The decision is seen as a goodwill gesture ahead of the Islamic holy month of Ramadan expected to begin on June 6.
Reports stated that there are around 30,000 people seeking to cross over the border but authorities at Gaza’s Interior ministry said priority will be given to those seeking medical care, students studying abroad, stranded families and holders of Egyptian or foreign passports. More than a thousand people crossed into Egypt on the first day of the opening.
The Rafah crossing is the only gateway into Gaza not controlled by Israel excluding the smuggling tunnels linking Egypt and Gaza.
Part of Cairo’s efforts to fight against militant attacks, most of the tunnels have been destroyed by the Egyptian security and the border area was declared a military buffer zone.
Egypt seems to be relaxing the closure of its border with Gaza, as it also opened the crossing point for two days in May, while between October 2014 and October 2015, passage through Rafah was only allowed for a total of 37 days.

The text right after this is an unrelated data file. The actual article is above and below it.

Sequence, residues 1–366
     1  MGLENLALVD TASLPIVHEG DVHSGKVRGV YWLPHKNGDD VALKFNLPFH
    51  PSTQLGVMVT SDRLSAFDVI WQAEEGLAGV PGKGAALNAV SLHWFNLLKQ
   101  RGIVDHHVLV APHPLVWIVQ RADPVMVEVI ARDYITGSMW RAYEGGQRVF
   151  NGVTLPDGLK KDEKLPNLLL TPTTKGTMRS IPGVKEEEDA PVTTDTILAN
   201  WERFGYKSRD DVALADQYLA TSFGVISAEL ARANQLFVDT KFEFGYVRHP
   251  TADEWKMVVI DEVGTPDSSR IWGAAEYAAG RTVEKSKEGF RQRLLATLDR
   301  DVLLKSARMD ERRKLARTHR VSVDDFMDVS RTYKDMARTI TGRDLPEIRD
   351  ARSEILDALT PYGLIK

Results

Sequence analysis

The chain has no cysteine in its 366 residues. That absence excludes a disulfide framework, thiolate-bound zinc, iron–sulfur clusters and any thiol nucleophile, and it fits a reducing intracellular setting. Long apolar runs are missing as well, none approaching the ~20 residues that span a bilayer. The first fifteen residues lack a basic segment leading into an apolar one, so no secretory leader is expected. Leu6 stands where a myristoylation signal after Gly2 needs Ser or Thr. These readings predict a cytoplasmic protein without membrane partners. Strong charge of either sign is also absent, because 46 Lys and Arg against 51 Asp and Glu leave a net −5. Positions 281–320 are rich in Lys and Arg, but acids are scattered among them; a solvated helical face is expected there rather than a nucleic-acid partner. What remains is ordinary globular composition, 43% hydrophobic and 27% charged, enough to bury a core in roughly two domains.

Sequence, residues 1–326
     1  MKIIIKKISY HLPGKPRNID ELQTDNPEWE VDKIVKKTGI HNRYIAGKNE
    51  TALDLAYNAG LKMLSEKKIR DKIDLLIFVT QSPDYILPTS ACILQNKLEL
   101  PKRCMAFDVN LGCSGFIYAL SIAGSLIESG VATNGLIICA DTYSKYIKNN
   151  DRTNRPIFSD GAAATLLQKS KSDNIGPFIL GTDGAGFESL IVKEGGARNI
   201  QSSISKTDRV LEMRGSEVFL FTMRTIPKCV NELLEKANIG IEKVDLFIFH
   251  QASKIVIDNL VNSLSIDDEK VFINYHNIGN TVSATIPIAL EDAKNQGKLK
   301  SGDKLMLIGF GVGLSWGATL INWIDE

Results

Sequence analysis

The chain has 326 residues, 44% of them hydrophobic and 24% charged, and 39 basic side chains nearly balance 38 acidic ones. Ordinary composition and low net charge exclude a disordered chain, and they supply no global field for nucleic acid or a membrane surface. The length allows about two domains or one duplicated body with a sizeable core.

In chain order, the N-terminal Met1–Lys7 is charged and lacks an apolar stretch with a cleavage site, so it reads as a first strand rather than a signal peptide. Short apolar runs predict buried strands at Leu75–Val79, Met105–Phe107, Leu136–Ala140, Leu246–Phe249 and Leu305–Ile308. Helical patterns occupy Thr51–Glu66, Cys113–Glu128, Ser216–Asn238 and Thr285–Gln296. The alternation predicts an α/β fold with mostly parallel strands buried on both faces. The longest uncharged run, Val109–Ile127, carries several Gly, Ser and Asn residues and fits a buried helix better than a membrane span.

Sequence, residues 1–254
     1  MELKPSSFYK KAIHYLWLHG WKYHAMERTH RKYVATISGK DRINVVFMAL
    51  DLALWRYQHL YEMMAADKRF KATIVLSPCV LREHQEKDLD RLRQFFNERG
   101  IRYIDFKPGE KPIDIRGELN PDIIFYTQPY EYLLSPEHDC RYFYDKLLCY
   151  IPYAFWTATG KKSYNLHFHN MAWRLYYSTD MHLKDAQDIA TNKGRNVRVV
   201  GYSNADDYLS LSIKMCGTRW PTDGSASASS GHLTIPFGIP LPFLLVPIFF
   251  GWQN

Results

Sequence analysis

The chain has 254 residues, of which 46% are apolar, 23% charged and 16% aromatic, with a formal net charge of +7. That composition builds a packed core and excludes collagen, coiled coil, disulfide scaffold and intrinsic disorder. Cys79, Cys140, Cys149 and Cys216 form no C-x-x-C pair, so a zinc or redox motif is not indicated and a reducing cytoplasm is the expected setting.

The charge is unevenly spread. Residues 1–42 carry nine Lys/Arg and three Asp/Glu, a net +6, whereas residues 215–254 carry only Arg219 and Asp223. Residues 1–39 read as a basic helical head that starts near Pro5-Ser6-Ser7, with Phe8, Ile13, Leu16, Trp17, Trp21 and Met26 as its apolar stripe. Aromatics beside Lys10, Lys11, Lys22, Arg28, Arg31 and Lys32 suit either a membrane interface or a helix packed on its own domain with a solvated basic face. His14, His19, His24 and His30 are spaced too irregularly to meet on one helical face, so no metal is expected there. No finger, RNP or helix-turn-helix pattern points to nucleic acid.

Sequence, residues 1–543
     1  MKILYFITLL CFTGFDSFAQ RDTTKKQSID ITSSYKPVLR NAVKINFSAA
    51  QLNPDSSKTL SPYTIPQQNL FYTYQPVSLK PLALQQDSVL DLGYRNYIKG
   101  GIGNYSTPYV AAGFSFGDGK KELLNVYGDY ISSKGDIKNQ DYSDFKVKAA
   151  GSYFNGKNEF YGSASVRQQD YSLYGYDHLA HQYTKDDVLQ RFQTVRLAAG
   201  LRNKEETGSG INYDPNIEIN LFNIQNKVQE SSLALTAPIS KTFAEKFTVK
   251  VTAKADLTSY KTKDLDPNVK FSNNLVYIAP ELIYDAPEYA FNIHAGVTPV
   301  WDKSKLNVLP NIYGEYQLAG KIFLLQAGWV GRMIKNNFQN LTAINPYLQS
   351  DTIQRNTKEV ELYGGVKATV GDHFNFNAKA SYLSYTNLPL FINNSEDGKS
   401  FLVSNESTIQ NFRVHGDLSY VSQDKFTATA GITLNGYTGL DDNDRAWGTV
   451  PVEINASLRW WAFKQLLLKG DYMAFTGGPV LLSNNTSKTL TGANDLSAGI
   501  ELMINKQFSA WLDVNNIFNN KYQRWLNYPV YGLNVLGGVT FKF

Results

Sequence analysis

There is an estimated 1,9million Gazans living in the strip controlled by Hamas; a group accused by Cairo of not doing enough to help it curb militant attacks on its forces in the Sinai Peninsula. Hamas says more than 15,000 Gazans have applied to leave the coastal enclave but only a few hundred can cross per day.
According to press reports, several ambulances and buses filled with stranded travelers were leaving Gaza and trucks loaded with Egyptian cement, medicine and humanitarian supplies were heading into Gaza from Egypt.